Wednesday, August 6, 2014


Good Morning, Class of '64
Draft Horse Pull - Dawn Senior Trask

Another Day with Larry
  Christmas, and Other Holidays,
at Our House
Part Two
The West Virginia State Fair was the next big event. While not a legal holiday, it was a holiday for us. It was held near Lewisburg, West Virginia during the third week in August. We always went on Thursday to see the draft horse pulling contest and the livestock parade.
One of the first horse pulls we saw stands out in my memory - I learned a lot about horses and a lot about Dad that one day. There were about 18 - 20 teams in the contest. These contests begin with a fairly small weight on a low iron sled. Each team is required to pull it 30 feet staying between two parallel lines. Each team has up to three attempts to pull it the required distance. After all teams have competed, additional weight is added to the sled. 

The winner is the last team to pull the weight the required distance or the team that pulls the heaviest weight the farthest. In that particular contest, all of the teams made the first pull easily. 

After that first pull, Dad said that a team of dapple gray Percherons was the best team in the field. I, of course, thought he was crazy. At that age, I thought I knew everything and he knew nothing. (Mark Twain said that when he was 18, his father was the dumbest man he’d ever known. But, he said that by the time he had turned 25, it was amazing how much the old boy had learned.) 

The grays were not very big; there were several larger teams. They didn’t look very impressive; the handler almost had to wake them up to take their place in the pulling. They were old; the dapple gray had faded to almost white. Their harness was functional, but it was not impressive - no silver, no gold, no brightly polished leather.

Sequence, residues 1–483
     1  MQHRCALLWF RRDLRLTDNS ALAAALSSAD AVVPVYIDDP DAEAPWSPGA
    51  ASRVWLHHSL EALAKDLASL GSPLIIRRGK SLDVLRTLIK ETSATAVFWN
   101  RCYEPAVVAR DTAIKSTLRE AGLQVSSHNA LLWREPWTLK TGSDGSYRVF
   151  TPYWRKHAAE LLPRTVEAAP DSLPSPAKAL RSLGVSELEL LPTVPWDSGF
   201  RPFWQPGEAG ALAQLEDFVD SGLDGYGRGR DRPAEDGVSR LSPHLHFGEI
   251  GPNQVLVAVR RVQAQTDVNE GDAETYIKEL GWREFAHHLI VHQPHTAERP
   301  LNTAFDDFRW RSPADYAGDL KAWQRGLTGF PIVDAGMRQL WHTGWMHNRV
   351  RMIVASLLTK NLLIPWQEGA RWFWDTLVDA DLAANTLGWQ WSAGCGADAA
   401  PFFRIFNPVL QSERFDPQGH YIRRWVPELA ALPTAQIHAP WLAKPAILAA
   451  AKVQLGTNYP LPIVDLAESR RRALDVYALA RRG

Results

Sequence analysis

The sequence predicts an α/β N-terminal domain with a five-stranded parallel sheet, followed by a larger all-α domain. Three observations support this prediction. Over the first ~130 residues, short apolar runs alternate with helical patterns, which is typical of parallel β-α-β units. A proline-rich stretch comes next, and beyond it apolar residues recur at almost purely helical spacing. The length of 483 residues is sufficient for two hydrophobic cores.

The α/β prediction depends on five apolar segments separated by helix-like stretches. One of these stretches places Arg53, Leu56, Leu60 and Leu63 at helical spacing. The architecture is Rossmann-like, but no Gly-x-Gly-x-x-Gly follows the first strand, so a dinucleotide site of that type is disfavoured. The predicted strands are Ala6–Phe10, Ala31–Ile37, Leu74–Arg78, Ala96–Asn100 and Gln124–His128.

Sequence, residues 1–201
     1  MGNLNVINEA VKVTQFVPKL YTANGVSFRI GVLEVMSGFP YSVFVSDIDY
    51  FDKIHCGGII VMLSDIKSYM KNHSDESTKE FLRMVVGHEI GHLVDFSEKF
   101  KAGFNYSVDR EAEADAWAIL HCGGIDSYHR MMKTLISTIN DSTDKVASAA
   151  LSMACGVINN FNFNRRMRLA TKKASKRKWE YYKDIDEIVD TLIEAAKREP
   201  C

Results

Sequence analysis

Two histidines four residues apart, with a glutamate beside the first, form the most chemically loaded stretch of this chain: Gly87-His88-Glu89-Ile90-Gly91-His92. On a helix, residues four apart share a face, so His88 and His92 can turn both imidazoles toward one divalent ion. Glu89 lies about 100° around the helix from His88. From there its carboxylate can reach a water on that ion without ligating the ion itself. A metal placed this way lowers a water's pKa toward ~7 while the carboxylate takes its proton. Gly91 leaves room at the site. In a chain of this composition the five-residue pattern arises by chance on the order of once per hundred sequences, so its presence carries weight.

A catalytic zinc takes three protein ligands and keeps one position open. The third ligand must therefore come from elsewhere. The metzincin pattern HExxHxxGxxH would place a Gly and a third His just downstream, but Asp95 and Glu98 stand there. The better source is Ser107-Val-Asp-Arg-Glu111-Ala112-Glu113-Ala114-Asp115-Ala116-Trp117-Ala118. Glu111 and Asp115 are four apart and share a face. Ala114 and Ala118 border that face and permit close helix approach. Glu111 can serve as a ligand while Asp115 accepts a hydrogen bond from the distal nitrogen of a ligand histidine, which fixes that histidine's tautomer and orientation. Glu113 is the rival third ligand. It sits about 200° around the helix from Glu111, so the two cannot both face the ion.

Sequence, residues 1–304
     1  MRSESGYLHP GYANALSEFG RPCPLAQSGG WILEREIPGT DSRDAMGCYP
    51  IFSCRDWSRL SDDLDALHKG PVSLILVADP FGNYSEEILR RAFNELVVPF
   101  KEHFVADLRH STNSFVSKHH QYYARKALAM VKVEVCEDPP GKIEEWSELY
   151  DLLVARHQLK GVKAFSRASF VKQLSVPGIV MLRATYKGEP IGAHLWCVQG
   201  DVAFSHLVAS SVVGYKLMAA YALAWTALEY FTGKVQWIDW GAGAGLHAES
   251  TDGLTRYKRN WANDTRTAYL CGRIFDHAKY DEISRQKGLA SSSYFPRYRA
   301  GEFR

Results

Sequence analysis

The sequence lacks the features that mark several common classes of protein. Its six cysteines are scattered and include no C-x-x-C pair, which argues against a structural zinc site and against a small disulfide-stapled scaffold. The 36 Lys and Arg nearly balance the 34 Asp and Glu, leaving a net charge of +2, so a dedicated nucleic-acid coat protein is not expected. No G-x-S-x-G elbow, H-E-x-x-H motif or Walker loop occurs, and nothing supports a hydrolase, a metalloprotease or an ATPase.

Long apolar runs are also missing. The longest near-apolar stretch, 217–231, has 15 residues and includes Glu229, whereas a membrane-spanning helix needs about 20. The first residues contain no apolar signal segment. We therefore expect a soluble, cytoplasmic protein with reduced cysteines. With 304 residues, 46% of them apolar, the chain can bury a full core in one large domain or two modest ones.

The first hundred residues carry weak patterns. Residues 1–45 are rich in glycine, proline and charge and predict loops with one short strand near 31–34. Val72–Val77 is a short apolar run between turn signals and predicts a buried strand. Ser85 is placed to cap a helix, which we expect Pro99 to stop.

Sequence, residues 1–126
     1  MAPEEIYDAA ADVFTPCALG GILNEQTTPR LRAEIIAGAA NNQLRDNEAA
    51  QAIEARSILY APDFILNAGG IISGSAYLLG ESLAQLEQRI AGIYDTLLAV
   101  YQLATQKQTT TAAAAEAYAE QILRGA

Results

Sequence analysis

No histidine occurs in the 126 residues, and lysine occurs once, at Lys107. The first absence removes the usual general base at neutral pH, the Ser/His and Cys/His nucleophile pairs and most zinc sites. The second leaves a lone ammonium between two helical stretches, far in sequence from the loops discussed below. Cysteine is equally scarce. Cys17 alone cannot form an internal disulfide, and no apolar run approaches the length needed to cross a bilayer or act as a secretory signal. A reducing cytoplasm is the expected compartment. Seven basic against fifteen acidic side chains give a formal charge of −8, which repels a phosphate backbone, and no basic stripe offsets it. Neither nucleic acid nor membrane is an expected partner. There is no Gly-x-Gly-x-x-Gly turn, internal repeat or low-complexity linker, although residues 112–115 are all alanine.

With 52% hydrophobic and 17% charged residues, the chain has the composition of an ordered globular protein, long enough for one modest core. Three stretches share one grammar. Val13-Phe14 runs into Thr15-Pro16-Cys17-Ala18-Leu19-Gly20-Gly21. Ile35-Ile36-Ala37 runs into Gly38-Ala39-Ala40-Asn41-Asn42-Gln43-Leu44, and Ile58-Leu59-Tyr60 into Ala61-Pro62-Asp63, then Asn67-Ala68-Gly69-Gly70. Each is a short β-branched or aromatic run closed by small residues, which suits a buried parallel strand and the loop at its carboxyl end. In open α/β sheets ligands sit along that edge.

I liked a team of tall, flashy, black Belgians, the biggest team in the field. They were beautiful, with shiny black leather harness and silver or chrome buckles and decorations. They out-weighed the grays by 3 - 400 pounds each. I was sure they would win. 

After 5 or 6 pulls, with teams dropping out each time, the field was cut to three teams, my blacks, the grays, and a team of Clydesdales that were a little heavier than the grays. The blacks pulled first. Their best attempt was about 7 feet. They were excited, and when they found that the load was so heavy, they started jumping and see-sawing the traces. The handler never had control of them. 

The Clydesdales pulled next. They worked together well, but they only made about 3 feet. Everyone in the crowd, except Dad, thought the contest was over. The grays made 4 or 5 feet on their first pull. They hunkered down a bit lower in their traces and walked off with the load easily the second pull. 

The handler did not seem to do anything after they were hooked to the load. They appeared to be in control of everything. The crowd got very quiet. The Master of Ceremonies said that they had pulled the load so easily, and asked if they would try another hundred pounds.